Here’s Marco Rubio reminding us of the disjunction in a statement released this afternoon, no doubt in response to the Bolton excerpt:

Maybe all sides can settle on the proposition that what his administration does publicly is more important than what Trump says privately.


Strange policy contradictions can inhabit the person of Trump himself, not just his administration. WaPo notes in its story that Bolton claims Trump said at one point “I want to get out of everything,” referring to all U.S. deployments abroad. But on another occasion he supposedly said “invading Venezuela would be ‘cool’ and that the South American nation was ‘really part of the United States.’” Bolton describes him as being so prone to being charmed by sleazebags like Putin and Erdogan in phone calls that he had a meeting with Bill Barr about it, with Barr supposedly agreeing that the appearances were worrisome:

In one May 2019 phone call, for example, Russian President Vladimir Putin compared Venezuelan opposition leader Juan Guaidó to 2016 Democratic presidential nominee Hillary Clinton, part of what Bolton terms a “brilliant display of Soviet style proganda” to shore up support for Venezuelan leader Nicolás Maduro. Putin’s claims, Bolton writes, “largely persuaded Trump.”

In May 2018, Bolton says, Turkish president Recep Tayyip Erdogan handed Trump a memo claiming innocence for a Turkish firm under investigation by the U.S. Attorney for the Southern District of New York for violating Iranian sanctions.

“Trump then told Erdogan he would take care of things, explaining that the Southern District prosecutors were not his people, but were Obama people, a problem that would be fixed when they were replaced by his people,” Bolton writes.

He also claims that Trump was interested in his summit with Kim Jong Un as a glorified publicity stunt, not meaningful diplomatic outreach, and that he somehow got bogged down in the fate of an Elton John “Rocket Man” CD which he had autographed for Kim and wanted Mike Pompeo to deliver personally. (That’s my favorite detail from today’s stories, with the president reportedly ranting privately about Pearl Harbor after his advisors started talking about our alliance with Japan a close second.) “He second-guessed people’s motives, saw conspiracies behind rocks, and remained stunningly uninformed on how to run the White House, let alone the huge federal government,” Bolton writes at one point.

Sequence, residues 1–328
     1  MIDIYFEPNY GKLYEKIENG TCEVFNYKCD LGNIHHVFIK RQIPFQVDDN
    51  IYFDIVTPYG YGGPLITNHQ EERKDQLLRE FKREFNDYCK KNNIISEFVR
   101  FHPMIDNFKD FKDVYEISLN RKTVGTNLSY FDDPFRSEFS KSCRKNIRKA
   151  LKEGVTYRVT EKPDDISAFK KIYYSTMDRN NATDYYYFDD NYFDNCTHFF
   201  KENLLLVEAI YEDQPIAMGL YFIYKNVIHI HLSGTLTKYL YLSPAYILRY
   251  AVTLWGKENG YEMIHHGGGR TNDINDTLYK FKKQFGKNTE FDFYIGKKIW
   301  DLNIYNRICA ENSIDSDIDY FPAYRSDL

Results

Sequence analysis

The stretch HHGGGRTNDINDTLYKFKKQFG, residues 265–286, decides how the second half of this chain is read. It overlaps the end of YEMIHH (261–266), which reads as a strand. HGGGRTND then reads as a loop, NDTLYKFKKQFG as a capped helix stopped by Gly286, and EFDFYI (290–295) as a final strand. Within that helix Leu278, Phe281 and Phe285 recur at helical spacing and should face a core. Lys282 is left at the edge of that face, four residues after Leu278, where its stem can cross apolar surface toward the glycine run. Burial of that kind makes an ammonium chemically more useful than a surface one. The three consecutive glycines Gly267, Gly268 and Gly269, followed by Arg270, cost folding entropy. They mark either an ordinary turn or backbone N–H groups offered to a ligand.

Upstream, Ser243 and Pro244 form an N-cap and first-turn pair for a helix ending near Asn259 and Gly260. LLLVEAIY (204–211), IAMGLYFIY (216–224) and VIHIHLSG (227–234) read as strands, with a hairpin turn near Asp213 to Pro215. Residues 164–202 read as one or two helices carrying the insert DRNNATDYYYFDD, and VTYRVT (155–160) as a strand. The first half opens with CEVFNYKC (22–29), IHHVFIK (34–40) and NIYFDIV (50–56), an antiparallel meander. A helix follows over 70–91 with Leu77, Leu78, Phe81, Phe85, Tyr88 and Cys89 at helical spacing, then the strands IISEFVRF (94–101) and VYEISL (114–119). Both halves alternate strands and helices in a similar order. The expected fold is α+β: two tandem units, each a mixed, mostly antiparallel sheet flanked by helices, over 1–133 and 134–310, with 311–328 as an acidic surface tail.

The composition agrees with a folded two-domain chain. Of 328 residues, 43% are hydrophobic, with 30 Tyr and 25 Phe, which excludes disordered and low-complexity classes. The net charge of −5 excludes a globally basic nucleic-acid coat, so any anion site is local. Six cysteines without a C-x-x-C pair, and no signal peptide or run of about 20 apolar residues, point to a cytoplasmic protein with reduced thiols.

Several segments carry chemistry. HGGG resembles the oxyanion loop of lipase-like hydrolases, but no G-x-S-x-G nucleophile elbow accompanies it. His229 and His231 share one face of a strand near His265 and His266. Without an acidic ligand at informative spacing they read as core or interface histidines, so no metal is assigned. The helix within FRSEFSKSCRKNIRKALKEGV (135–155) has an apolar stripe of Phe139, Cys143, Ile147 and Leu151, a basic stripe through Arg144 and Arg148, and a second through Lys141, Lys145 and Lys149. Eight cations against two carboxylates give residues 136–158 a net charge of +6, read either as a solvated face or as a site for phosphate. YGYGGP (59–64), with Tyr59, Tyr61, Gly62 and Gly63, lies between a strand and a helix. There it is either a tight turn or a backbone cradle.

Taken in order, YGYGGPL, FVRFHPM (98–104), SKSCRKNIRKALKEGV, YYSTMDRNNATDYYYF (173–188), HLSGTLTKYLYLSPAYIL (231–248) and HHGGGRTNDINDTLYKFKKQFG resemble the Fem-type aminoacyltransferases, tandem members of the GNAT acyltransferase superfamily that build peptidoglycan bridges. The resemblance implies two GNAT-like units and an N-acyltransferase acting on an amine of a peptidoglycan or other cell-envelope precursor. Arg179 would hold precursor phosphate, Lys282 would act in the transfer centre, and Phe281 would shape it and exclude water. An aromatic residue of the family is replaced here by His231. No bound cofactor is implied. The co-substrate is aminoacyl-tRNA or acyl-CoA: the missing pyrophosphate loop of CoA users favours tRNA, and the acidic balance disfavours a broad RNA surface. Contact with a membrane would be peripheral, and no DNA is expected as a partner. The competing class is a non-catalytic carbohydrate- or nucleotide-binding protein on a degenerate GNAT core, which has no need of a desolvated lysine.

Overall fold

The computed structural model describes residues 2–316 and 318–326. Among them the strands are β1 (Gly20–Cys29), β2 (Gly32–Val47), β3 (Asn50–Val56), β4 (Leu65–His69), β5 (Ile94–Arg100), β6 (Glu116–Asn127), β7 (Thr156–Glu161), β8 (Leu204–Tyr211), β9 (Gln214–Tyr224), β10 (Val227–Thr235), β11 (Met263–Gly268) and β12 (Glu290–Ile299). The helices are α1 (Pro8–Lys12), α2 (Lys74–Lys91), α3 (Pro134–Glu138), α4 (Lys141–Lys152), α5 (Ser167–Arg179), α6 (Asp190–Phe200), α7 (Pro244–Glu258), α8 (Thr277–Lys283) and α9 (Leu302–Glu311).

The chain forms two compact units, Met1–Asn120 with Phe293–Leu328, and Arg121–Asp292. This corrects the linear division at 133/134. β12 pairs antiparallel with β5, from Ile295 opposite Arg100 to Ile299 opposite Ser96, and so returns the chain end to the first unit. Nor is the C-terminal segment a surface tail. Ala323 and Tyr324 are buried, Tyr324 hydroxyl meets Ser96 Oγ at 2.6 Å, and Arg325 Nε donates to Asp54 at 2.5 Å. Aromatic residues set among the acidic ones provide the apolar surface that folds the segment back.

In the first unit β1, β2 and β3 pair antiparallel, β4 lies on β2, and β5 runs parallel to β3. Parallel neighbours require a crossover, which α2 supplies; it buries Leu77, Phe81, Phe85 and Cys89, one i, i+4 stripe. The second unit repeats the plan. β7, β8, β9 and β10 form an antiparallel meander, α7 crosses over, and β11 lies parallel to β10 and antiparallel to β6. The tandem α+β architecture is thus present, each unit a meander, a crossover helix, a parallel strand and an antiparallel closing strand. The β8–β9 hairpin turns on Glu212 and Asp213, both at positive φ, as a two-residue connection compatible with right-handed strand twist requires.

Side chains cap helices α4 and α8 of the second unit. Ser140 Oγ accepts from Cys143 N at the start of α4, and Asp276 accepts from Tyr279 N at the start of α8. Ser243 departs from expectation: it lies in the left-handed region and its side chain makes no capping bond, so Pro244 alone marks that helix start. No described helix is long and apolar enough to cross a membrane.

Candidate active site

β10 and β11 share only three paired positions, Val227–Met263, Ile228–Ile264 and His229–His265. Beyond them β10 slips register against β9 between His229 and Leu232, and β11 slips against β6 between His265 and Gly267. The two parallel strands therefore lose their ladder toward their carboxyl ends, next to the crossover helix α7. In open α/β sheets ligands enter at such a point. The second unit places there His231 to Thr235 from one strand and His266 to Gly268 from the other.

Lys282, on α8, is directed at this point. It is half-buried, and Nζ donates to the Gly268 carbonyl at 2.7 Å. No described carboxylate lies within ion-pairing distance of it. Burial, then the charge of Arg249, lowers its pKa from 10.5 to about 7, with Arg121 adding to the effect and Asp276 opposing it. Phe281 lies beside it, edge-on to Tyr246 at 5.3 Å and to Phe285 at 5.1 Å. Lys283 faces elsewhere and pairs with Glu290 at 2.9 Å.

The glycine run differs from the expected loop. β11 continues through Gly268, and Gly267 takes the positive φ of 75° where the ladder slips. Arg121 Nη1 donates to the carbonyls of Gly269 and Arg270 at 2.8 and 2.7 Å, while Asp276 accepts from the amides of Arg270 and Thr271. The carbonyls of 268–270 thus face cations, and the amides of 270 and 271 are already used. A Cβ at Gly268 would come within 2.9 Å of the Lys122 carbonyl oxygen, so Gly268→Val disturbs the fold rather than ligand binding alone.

Which, yeah.

And there’s this:

He also describes a summer 2019 meeting in New Jersey where Trump says journalists should be jailed so they have to divulge their sources: “These people should be executed. They are scumbags,” Trump said, according to Bolton’s account.

The most interesting detail of the Times’s account is how much contempt Bolton had for the House’s impeachment inquiry, which he thought wasn’t nearly searching enough given how many dubious things he had witnessed Trump do while conducting foreign policy. Why’d they stick to Ukraine when they could have explored his conversations with China, Russia, Turkey and so on, Bolton wonders? “The pattern looked like obstruction of justice as a way of life, which we couldn’t accept,” he says of Trump’s habit of doing “favors” for dictators by trying to get the DOJ and Commerce Department to back off of investigations. Which actually does make me want to screech, WHY DIDN’T BOLTON TESTIFY TO ALL OF THIS IN NOVEMBER WHEN THE HOUSE IMPEACHMENT TEAM ASKED HIM TO?

Granted, it wouldn’t have changed the outcome of the trial. But it would have put the Ukraine quid pro quo into a broader context that would have made Trump’s motives clearer.

Exit question: Were these really “favors” he was doing for the likes of Xi and Erdogan or were they “favors” in return for other “favors,” i.e. quid pro quos? “Favor” was the word Trump used when broaching the Burisma matter with Ukraine’s president in the transcript of their famous phone call. What did he get in return for his generosity towards the world’s strongmen?